Most of our internet activity begins with a search from a search engine like Google (or soon, with Facebook graph search). If you’re active on Facebook, then your Facebook profile may be the first thing that shows up when someone searches your name on Google.
The obvious privacy concern here is that someone can see your basic Facebook profile (or even more), just by searching your name. That “someone” might also be the growing crowd of data miners who assemble a profile about you from all of the data they can find and associate with your identity.
What’s the fix? Here’s how to make sure that your Facebook profile won’t show up as a result in a search engine:
- Click the Privacy Shortcut Button, located to the right of your name in the Facebook toolbar
- Click “See More Settings”
- Click Edit next to “Do you want other search engines to link to your timeline?”
- Make sure that the box next to “Let other search engines link to your timeline” is unchecked
- Make sure that you click “Confirm” from the box that pops up. If you do not confirm you choice, then your changes will not save, and your profile will still show up as a result in a search engine.
However, this Privacyfix isn’t for everyone. You may want your Facebook profile to show up as a result when someone performs a search for your name (perhaps during a job search). But we think it’s important that the user is aware of, and has access to, their privacy settings as well as what is happening to their information when they use Facebook.
This fix, and many others, are part of Privacyfix >>
If you’ve used Privacyfix, you probably have a sense of how much data Facebook and Google collect about your profile and how you use the Web (and for most people, that’s a lot). But even with all of that data, how well do they really know you?
One way to tell is to look at the ads that Facebook shows you, since this reflects the interests and characteristics about you that Facebook uses for ad targeting, which is, after all, Facebook’s bread and butter. To see a bunch of ads Facebook thinks are right for you, you can visit your own “Ad Board” by clicking here.
Visit PrivacyFix.com to learn more about Facebook Privacy >>
Reviewing pages that you’ve liked is one of the easiest ways to control how you appear in Facebook’s new Graph Search feature.
Maybe just for fun you liked something a few years ago, never imagining that someone would be able to simply search for that interest and find your smiling face in the search results. Aside from liking something inappropriate, it’s possible that the things you like say more about you than you think.
Fortunately, reviewing your Likes is easy:
- View your Activity Log by visiting your profile and clicking the Activity Log icon underneath your Timeline cover photo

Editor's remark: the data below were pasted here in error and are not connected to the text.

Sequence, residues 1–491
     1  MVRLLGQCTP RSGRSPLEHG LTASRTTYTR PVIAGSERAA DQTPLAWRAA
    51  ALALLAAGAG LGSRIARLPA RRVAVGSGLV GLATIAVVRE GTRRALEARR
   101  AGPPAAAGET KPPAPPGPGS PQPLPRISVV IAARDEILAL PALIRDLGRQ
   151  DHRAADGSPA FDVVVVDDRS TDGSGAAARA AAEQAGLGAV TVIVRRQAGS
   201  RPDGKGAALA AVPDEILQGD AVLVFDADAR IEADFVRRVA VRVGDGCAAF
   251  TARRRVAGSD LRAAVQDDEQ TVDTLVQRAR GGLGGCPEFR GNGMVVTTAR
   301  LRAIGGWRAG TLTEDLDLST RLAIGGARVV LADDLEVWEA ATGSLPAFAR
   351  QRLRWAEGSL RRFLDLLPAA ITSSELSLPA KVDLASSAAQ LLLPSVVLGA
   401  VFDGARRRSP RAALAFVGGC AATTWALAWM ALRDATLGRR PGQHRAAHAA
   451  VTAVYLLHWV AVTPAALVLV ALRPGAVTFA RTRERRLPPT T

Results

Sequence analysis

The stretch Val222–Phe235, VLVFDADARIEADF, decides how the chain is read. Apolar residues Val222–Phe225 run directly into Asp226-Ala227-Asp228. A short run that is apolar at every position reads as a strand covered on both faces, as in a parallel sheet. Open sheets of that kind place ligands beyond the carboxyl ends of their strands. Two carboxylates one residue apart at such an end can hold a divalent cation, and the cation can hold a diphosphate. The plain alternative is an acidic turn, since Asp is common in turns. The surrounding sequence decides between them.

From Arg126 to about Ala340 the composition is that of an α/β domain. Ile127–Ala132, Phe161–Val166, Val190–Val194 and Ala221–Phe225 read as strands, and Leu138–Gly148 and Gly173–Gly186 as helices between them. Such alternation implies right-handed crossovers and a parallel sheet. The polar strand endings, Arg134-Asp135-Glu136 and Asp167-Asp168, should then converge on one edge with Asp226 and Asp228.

- Click the Likes tab
- You can go through and review everything you’ve liked on Facebook
- To remove something that you’ve Liked, click the pencil to the right of the photo, page, comment, or status that you Liked
- Click Unlike
Of course, you also should be careful about the pages that you Like in the future. Sure, it’s funny to like certain pages. But will it still be funny when in a year from now, you show up as a result in a search for, ”People who like Gangnam Style”?
Visit PrivacyFix.com to learn more about managing Likes and privacy >>
You may have heard about the debate raging in Washington D.C. over “Do Not Track,” the idea that you should be able to flick a switch in your browser to prevent marketing companies (over 1,200 of them) from collecting data about what you do across websites and apps.
The marketers say that you don’t need this choice, because the tracking is mostly anonymous, supports free web content and also delivers more relevant ads that people appreciate.
Is the bargain worth it to you? Before you decide, you might want to take a look at what you actually look like to advertisers. Some of the larger companies, like Google and Yahoo!, actually give you a glimpse into the profile that they use for ad targeting. You can take a look at some of these profiles here:
PrivacyChoice Ad Profile Sampler >>
PS Keep in mind that if you are blocking tracking (using Privacyfix or any other tool), you won’t see much or anything on these profile pages. You’ve already made your choice!
If you’re a PrivacyFix user, or have been following the PrivacyFix blog, then you’ve learned how to make your Facebook profile private. It’s time to put these privacy fixes to the test and see how much or how little information your Facebook profile shares. You may think that a stranger, or anyone who searches for you on Facebook, is only able to see your name shown under your timeline cover. But how can you really know that your Facebook profile is private?
A simple way to check to see how the privacy settings you have changed affect your profile, and to see what other privacy settings need to be changed, is to view your profile as a stranger sees it. Here’s a walkthrough of how to do this:
To see how someone else views your profile:
- Click the Privacy Shortcut Button (it’s located to the right of the home button and looks like a lock)
- Click “Who Can See My Stuff?”
- Click “View As”
- You will be lead to your Facebook page as it is viewed publicly. From this page, you will also have the option to view your profile through the eyes of a specific Facebook friend
The ability to view your Facebook profile the way someone else does is an extremely useful feature in terms of Facebook privacy.
Be sure that when you update your privacy settings on Facebook, you are actively saving your progress. You can tweak your privacy settings all day, but not saving your changes means not securing your profile. Viewing your profile as someone else not only lets you know how the settings you’ve altered have affected your profile, it also lets you know what needs to be changed.
Learn more about Facebook privacy and security at PrivacyFix.com >>